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Cardiovascular health effects following exposure of human volunteers during fire extinction exercises

Reference Andersen MHG, Saber AT, Pedersen PB, et al. Cardiovascular health effects following exposure of human volunteers during fire extinction exercises. Environmental Health 2017;16:96
Udgivet: 2017
[Type] Videnskabelig artikel
[Resumé] [Open access]BACKGROUND: Firefighters have increased risk of cardiovascular disease and of sudden death from coronary heart disease on duty while suppressing fires. This study investigated the effect of firefighting activities, using appropriate personal protective equipment (PPE), on biomarkers of cardiovascular effects in young conscripts training to become firefighters. METHODS: Healthy conscripts (n = 43) who participated in a rescue educational course for firefighting were enrolled in the study. The exposure period consisted of a three-day training course where the conscripts participated in various firefighting exercises in a constructed firehouse and flashover container. The subjects were instructed to extinguish fires of either wood or wood with electrical cords and mattresses. The exposure to particulate matter (PM) was assessed at various locations and personal exposure was assessed by portable PM samplers and urinary excretion of 1-hydroxypyrene. Cardiovascular measurements included microvascular function and heart rate variability (HRV). RESULTS: The subjects were primarily exposed to PM in bystander positions, whereas self-contained breathing apparatus effectively abolished pulmonary exposure. Firefighting training was associated with elevated urinary excretion of 1-hydroxypyrene (105%, 95% CI: 52; 157%), increased body temperature, decreased microvascular function (-18%, 95% CI: -26; -9%) and altered HRV. There was no difference in cardiovascular measurements for the two types of fires. CONCLUSION: Observations from this fire extinction training show that PM exposure mainly occurs in situations where firefighters removed the self-contained breathing apparatus. Altered cardiovascular disease endpoints after the firefighting exercise period were most likely due to complex effects from PM exposure, physical exhaustion and increased core body temperature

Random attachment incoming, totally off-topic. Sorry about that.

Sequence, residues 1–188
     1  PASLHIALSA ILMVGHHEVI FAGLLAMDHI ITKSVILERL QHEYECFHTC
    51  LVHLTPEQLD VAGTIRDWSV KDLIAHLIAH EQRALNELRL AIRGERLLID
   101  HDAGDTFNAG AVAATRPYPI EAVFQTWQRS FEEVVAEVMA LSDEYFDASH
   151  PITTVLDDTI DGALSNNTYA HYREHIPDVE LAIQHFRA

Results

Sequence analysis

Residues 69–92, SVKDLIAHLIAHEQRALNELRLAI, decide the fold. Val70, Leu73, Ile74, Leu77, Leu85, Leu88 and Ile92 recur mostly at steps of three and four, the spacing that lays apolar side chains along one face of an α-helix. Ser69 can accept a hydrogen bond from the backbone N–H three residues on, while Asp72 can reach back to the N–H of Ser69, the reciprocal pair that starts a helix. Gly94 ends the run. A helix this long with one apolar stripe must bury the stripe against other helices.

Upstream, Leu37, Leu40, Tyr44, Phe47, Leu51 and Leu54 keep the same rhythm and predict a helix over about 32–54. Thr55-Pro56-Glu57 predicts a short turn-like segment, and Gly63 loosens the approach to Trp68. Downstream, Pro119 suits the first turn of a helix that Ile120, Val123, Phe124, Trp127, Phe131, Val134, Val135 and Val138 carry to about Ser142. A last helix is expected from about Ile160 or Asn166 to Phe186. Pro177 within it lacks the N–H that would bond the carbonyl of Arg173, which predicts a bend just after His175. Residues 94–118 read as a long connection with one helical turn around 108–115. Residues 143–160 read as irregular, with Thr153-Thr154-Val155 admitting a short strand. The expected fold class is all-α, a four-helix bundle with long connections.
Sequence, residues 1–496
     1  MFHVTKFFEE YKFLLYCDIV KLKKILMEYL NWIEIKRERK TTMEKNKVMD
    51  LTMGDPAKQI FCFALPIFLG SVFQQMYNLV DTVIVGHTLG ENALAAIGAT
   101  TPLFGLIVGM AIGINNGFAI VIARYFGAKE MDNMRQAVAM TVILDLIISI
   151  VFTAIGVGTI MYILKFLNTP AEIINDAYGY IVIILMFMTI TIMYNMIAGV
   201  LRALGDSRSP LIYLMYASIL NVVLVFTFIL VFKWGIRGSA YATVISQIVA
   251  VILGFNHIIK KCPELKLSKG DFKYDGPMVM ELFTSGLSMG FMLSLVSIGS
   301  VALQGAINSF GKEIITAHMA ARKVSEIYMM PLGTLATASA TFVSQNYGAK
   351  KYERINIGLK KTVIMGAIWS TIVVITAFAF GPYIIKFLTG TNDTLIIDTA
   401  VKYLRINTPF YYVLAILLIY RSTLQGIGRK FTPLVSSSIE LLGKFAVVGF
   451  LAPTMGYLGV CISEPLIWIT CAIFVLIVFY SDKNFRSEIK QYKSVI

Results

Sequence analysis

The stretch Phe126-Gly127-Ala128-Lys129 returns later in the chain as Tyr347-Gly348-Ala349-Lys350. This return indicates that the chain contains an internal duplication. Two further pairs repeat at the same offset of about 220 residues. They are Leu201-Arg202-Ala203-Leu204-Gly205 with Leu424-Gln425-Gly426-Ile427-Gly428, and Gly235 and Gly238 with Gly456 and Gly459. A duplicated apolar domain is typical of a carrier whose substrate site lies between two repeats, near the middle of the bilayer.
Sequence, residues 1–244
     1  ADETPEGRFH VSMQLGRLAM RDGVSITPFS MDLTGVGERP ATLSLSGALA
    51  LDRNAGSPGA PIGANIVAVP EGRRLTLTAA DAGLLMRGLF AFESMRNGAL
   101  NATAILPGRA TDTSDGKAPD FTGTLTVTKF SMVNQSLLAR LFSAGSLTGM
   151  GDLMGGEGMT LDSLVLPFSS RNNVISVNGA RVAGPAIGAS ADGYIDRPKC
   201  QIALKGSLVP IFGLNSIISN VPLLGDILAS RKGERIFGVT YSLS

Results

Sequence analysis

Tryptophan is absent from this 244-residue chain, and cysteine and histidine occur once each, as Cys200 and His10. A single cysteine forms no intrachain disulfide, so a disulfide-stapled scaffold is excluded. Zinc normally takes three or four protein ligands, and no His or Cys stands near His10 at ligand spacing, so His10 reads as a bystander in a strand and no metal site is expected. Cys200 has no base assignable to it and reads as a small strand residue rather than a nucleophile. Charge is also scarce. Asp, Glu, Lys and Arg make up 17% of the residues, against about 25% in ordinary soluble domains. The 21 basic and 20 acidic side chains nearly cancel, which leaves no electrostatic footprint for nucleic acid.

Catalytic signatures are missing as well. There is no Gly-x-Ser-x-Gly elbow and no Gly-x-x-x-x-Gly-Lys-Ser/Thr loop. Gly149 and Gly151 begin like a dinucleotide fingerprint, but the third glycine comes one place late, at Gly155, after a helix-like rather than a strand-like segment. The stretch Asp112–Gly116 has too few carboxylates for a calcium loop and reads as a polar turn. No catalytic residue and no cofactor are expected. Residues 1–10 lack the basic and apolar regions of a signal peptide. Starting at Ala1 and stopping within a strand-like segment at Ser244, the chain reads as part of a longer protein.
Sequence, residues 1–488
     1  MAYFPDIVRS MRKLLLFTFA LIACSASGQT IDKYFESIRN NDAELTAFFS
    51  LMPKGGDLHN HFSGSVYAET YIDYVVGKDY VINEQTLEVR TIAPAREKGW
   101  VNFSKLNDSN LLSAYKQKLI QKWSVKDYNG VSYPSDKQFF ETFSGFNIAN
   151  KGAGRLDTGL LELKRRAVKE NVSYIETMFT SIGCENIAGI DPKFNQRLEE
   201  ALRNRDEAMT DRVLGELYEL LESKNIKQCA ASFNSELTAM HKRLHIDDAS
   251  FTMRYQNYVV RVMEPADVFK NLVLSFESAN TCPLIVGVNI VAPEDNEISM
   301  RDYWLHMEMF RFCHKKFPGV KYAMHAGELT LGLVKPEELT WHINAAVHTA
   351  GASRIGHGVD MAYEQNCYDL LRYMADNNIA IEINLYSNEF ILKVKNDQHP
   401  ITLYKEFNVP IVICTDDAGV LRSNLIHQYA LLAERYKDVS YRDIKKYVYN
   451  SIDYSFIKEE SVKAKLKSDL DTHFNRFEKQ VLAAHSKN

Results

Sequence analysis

Link: http://dx.doi.org/10.1186/s12940-017-0303-8
Bestilling: Denne udgivelse kan ikke bestilles fra NFA's Forlag
[Oprettet] 11.09.2017
 
Opdateret  11.09.2017
Kontakt: NFA's webredaktion
 
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